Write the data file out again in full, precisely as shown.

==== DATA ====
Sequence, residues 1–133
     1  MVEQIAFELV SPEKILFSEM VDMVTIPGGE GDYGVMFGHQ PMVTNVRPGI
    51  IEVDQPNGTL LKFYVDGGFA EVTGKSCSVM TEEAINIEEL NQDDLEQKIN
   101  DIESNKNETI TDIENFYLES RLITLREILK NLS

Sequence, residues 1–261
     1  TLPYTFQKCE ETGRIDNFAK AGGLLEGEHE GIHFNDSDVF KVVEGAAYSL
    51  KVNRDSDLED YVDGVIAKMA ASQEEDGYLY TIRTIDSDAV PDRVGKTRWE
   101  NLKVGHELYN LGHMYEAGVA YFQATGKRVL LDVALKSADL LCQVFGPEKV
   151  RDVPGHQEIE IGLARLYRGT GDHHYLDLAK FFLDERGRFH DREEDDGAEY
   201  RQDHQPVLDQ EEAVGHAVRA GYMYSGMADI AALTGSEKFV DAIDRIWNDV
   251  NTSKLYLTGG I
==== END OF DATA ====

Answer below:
Sequence, residues 1–133
     1  MVEQIAFELV SPEKILFSEM VDMVTIPGGE GDYGVMFGHQ PMVTNVRPGI
    51  IEVDQPNGTL LKFYVDGGFA EVTGKSCSVM TEEAINIEEL NQDDLEQKIN
   101  DIESNKNETI TDIENFYLES RLITLREILK NLS

Sequence, residues 1–261
     1  TLPYTFQKCE ETGRIDNFAK AGGLLEGEHE GIHFNDSDVF KVVEGAAYSL
    51  KVNRDSDLED YVDGVIAKMA ASQEEDGYLY TIRTIDSDAV PDRVGKTRWE
   101  NLKVGHELYN LGHMYEAGVA YFQATGKRVL LDVALKSADL LCQVFGPEKV
   151  RDVPGHQEIE IGLARLYRGT GDHHYLDLAK FFLDERGRFH DREEDDGAEY
   201  RQDHQPVLDQ EEAVGHAVRA GYMYSGMADI AALTGSEKFV DAIDRIWNDV
   251  NTSKLYLTGG I